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I want to know why cant we create object if the constructor is in private section. I know that if i make a method static i can call that method using

<classname> :: <methodname(...)>;

But why can't we create object is what I don't understand.

I also know if my method is not static then also I can call function by the following:

class A
{
     A();
     public:
        void fun1();
        void fun2();
        void fun3();
};


int main()
{
     A *obj =(A*)malloc(sizeof(A));
     //Here we can't use new A() because constructor is in private 
     //but we can use malloc with it, but it will not call the constructor
     //and hence it is harmful because object may not be in usable state.
     obj->fun1();
     obj->fun2();
     obj->fun3();
}

So, my question is: why can't we create an object when constructor is private?

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6  
This is not the greatest question ever, but I don't think it deserves the downvotes. –  anon Apr 22 '10 at 10:22

4 Answers 4

up vote 9 down vote accepted

Because it is not accessible to the program, that's what private means. If you declared a member function or variable private, you would not be able to access them either. Creating private constructors is actually a useful technique in C++, as it allows you to say that only specific classes can create instances of the type. For example:

class A {
   A() {} // private ctor
   friend class B;
};

class B {
   public:
     A * MakeA() {
        return new A;
     }
};

Only B can create A objects - this is useful when implementing the factory pattern.

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Any other way by which i can create an object not using malloc. As using malloc , object may not be in usable state. –  Abhineet Apr 22 '10 at 10:14
    
@Abhi Make the constructor public –  Andreas Brinck Apr 22 '10 at 10:20
    
@Abhi See above. –  anon Apr 22 '10 at 10:21
    
@Neil Butterworth:Thank you very much. I was in search of this answer. Thank u friend.... –  Abhineet Apr 22 '10 at 10:22
1  
@Ahbi: If you want to keep you constructor private and still be able to instantiate your class, you'll need to implement a static factory method. I'll post a response that shows how to do this. –  John Dibling Apr 22 '10 at 14:22

A constructor is a special member function. It obeys the same rules as any other method when it comes to accessing it. The private access label prevents class users from invoking/accessing members declared under it.

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The "new" operator needs to call the constructor, so if the constructor is private you can not execute the code "obj = new A" except inside member functions of the class A itself.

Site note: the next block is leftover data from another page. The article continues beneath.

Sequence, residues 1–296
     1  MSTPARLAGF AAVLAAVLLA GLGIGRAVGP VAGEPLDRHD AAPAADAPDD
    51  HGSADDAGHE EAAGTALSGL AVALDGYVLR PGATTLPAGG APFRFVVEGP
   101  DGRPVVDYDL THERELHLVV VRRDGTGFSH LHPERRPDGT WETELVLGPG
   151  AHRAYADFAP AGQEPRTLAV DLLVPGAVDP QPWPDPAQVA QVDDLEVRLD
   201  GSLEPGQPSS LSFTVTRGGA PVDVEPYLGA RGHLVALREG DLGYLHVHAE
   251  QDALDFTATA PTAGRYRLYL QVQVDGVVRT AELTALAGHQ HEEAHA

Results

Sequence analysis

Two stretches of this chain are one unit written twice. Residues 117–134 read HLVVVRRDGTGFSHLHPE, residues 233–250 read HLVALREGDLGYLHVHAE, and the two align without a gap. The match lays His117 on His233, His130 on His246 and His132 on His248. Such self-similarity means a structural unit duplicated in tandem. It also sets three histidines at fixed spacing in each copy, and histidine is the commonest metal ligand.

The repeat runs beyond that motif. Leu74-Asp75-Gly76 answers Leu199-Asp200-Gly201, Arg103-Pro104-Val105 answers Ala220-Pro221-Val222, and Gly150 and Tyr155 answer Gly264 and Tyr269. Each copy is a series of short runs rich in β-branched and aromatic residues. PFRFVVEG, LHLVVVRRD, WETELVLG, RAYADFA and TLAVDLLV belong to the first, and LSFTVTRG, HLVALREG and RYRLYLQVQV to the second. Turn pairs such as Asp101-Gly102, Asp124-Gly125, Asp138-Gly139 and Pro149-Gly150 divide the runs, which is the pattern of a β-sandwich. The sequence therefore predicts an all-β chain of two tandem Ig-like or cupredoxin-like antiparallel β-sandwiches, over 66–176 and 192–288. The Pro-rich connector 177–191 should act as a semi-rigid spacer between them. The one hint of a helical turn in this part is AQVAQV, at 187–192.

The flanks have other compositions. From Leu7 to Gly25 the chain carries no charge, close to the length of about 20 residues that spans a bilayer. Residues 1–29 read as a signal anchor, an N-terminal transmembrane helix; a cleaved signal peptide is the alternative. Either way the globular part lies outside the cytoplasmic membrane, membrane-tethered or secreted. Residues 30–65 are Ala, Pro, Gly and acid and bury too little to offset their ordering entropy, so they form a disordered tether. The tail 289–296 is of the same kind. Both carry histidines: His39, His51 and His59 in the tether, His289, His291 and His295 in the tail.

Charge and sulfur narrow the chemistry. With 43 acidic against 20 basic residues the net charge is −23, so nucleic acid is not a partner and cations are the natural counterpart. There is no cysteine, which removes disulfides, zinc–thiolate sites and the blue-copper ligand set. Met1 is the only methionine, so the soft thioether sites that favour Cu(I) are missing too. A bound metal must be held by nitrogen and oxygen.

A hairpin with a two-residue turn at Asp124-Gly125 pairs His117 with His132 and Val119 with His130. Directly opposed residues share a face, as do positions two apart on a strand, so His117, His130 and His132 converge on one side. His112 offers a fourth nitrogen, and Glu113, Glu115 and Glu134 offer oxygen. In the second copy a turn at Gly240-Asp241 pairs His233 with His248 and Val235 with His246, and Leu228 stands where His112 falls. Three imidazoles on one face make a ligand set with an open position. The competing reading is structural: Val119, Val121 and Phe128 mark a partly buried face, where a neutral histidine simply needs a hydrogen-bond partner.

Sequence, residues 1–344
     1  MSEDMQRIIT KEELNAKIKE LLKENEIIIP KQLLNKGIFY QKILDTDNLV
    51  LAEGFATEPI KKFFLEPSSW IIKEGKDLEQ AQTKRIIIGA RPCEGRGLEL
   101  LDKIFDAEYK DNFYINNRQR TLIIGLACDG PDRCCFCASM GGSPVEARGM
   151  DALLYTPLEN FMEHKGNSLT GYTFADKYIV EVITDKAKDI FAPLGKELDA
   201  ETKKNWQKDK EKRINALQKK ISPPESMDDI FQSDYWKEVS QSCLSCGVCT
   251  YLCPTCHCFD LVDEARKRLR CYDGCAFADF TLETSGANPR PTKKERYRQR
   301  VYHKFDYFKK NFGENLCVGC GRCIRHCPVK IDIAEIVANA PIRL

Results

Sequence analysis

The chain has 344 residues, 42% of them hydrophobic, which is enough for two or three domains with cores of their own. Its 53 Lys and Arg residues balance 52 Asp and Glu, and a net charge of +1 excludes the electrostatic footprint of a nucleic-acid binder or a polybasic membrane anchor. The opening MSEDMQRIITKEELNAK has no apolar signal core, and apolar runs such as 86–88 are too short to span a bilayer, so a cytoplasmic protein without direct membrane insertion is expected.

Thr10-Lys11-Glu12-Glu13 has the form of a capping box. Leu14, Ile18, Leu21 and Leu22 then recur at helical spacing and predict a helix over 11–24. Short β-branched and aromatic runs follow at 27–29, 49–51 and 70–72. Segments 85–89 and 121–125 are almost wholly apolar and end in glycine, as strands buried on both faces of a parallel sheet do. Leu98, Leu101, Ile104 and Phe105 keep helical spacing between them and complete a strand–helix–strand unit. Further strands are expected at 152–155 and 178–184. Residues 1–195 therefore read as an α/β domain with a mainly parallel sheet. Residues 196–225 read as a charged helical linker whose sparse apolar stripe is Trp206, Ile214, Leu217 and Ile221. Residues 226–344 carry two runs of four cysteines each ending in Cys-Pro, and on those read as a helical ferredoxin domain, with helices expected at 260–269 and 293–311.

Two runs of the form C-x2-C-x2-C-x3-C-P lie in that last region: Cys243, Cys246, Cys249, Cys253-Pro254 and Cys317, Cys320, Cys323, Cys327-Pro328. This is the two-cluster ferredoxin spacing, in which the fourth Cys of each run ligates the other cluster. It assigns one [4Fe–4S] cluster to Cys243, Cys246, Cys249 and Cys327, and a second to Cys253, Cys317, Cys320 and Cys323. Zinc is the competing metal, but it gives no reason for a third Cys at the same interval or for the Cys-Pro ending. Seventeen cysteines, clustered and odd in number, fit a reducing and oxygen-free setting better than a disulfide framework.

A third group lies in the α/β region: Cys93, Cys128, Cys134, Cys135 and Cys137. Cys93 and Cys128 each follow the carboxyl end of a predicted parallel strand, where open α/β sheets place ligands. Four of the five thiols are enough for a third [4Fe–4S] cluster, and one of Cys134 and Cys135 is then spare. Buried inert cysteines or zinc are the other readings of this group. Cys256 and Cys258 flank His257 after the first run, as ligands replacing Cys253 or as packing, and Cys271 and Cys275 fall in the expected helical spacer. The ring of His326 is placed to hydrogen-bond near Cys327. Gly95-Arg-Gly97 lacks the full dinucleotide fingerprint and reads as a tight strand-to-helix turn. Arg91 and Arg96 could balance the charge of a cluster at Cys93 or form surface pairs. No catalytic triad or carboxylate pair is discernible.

I would guess that what you have encountered is a technique that is very often used in Java (and yes I know you're writing C++, but the principle is the same) where the designer of the class wants to make sure that one and only one instance of this class will ever exist (which is called a "singleton"). To achieve this, he needs to prevent other code from creating further instances of the class using new, and making the constructor private is one way to do that. Here's a piece of Java code illustrating the technique.

public class MySingleton {

  private MySingleton() {
      // Private constructor, to prevent instantiation using "new"
      // outside of this class.
  }

  public synchronized static MySingleton getInstance() {
    static MySingleton instance = null;

    if (instance == null) {
        // I can use new here because I'm inside the class.
        instance = new MySingleton();
    }
    return instance;
  }

}

Even if you don't know Java, the syntax is similar enough to C++ that you should understand what this code is doing. The point is that the only way to get a reference to an instance of the MySingleton class elsewhere in the code is to call the static class member getInstance().

  MySingleton obj = MySingleton.getInstance();
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You can't instantiate your class because the constructor is private. private member variables and functions cannot be used outside of the class itself.

If you want to be able to instantiate your class, you have two options.

Option 1 is to make the constructor. This is the Right Thing to do in the vast majority of cases. Making a constructor private is a useful technique, but only when trying to accomplish specific goals.

Option 2 is to create a public static factory method. You would typically do this when Option 1 isn't an option.

class A
{
     A();
     public:
    static A* Create() { return new A; }
        void fun1();
        void fun2();
        void fun3();
};


int main()
{
     A *obj = A::Create();
     //Here we can't use new A() because constructor is in private 
     //but we can use malloc with it, but it will not call the constructor
     //and hence it is harmful because object may not be in usable state.
     obj->fun1();
     obj->fun2();
     obj->fun3();
}
share|improve this answer
    
@John Dibling: Thank you friend –  Abhineet Apr 23 '10 at 5:07

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